If you’re wondering about that…think about this…does this parable sound like good news or bad news to you? (pause)  Good question to think about…because all too often it seems that what sounds like liberating good news to one person, sounds like bad news to another.

But…should it? Should the gospel sound like good news to some and bad news to someone else?  Is that how it works?  Is the gospel some sort of pie…the type of thing where a portion is removed for one person, leaving less available for everyone else?  I don’t think so.

Think about the parable…does the eternal good fortunate of Lazarus come at the expense of Richy Rich? Doesn’t seem to…but if we want to think in terms of limitations and scarcity we might start to think so. And we’re conditioned to think in those terms aren’t we?  That’s how our society works…if you gain something, then someone or something has to lose it right? (pause)

But…here’s Jesus…giving us an illustration that reminds us…over here in the kingdom…that’s not how it works…its not just that the wealthy and the high and mighty end up burning, while the lowly go to heaven…because there’s a third person in this parable…and think about who that is.

Abraham.  Now what we know about him?  Hung out in Genesis…predates the Holy Land being the Holy Land…predates Moses…predates pretty much everything beyond a garden, and an apple, and a flood. WAY before Jesus…and yet…where do we find him today?

He’s on the good side of the chasm…we might say heaven. And maybe we think “duh, its Abraham…of course he’s in heaven.”  But Abraham died rich…like SUPER RICH….he had good things in life…so shouldn’t that land him in hell?  I mean…if we think “great reversal” then Lazarus should have shown up in heaven and been like “ABRAHAM? What are you doing here?” (pause) Or, since they can see each other…Richy Rich should have found in himself in the flames and been wondering “Abraham…shouldn’t you be over here with me?” (pause)

So what’s different? What does Abraham have that Richy Rich doesn’t?  What does he share with Lazarus that landed each of them on one side of this great divide rather than the other?

What do we hear about Abraham in the New Testament…his name comes up a lot…and typically when it does, he is called the father of faith…that he believes what God tells him…and it is credited as righteousness.
Well if he’ believes what he’s told…then someone needs to tell him right? Something must be announced…it must be proclaimed. And what was announced to Abraham?  A promise.

What about Lazarus…we don’t hear much about him…except for the action that happens to him…like when angels come and carry him off.  But do you know what an angel is?  Angel, or angalos in the original language means one who bears a message…Lazarus is carried off to heaven…by one carrying a proclamation. (pause)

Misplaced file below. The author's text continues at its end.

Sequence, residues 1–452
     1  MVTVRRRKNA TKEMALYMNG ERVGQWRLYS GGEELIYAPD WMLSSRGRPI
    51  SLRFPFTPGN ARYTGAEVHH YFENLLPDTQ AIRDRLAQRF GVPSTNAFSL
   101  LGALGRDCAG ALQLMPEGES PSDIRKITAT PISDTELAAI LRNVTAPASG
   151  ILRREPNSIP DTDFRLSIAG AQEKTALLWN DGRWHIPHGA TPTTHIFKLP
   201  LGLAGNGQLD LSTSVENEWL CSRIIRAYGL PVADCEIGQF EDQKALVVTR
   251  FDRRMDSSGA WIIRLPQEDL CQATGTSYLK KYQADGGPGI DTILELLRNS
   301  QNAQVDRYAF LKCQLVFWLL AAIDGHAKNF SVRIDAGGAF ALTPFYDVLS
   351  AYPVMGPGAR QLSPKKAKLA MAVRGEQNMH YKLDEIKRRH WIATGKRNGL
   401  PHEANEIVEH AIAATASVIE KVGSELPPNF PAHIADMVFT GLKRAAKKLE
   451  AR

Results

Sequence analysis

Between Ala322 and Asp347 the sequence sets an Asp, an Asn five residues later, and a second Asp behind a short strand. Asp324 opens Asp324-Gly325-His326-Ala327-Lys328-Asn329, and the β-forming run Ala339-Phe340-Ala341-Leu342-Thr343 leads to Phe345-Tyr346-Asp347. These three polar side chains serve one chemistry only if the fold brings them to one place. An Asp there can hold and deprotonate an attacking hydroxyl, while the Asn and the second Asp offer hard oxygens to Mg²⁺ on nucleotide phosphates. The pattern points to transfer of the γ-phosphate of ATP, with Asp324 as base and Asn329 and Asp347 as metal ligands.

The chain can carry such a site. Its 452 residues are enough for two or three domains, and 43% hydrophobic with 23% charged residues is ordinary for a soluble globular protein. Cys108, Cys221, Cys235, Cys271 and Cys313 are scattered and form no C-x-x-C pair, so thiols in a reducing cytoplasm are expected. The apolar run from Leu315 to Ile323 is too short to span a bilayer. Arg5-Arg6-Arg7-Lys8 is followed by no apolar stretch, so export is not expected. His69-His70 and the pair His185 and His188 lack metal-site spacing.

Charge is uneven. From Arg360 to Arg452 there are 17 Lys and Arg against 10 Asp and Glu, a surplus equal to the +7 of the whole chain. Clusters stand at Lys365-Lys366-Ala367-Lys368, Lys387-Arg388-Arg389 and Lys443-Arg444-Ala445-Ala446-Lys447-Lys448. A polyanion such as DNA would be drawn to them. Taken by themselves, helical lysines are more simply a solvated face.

Now think about Richy Rich…he wants someone to come to him to relieve him of torment…and when that doesn’t work he wants someone to go announce things to his brothers. (pause)

It would seem that this separation, this chasm…that Jesus is illustrating today is revealed with the presence OR the absence of a proclamation of God’s promises. And what are those promises? That you are loved…that you are accepted…and that the brokenness that is a part of your existence has been overcome by the life and the death and the resurrection of Jesus. That’s the gospel. You can’t get there on your own…You cannot fulfill righteousness…so God has done it for you through Christ…that is the good news…that is the promise…that is the proclamation…and THAT is what carries Lazarus away from torment into whatever lies on the other side of that chasm…whether we want to call it heaven or paradise or eternal rewards…or simply being in the kingdom. (pause)

So that’s mean for us?  Well…it seems to indicate that faith comes through hearing the proclamation of the gospel…and it reminds us that salvation or faith or heaven or any of that…its not self-generated. Lazarus didn’t do anything to receive it…he was completely passive in this whole story…we never even hear him talk, much less do anything.

And so, we realize the importance of proclaiming the gospel…because it needs to be heard before it can nestle in our hearts…and before the Holy Spirit can use it to create faith. And this is why we stress the importance of the priesthood of ALL believers.  Proclamation is not just limited to the person wearing a weird little white tab on Sunday mornings…we are ALL called to share the gospel with those that we encounter…so that they can hear it to…so they can hear that announcement…and be carried off to be with Abraham…whatever that might entail.

And this is the case whether we like it or not…God’s grace is not up to us to determine who gets it and who doesn’t. That’s the beauty of God’s grace and mercy…and that’s also the curse…because anytime we start trying to decide who has it, or on the flipside who doesn’t, then Christ calls us forward to his table where we receive the bread and wine along with the promise that his body and blood has been broken and shed for the forgiveness of sins…and that it is for all people…and when that person that we think doesn’t deserve it faithfully receives the means of grace while believing the promise of the proclamation…they are forgiven…and we have to deal with it.

This is what I love about the gospel of God’s grace and mercy through Christ…God’s grace is all in, or its not grace…and it means that one day in the resurrection, whatever that’s gonna look like…I’m going to see the LAST person I ever expected and in astonishment I’ll say “What are you doing here?”  And they’ll look at me, equally astonished…and ask me the same thing. Amen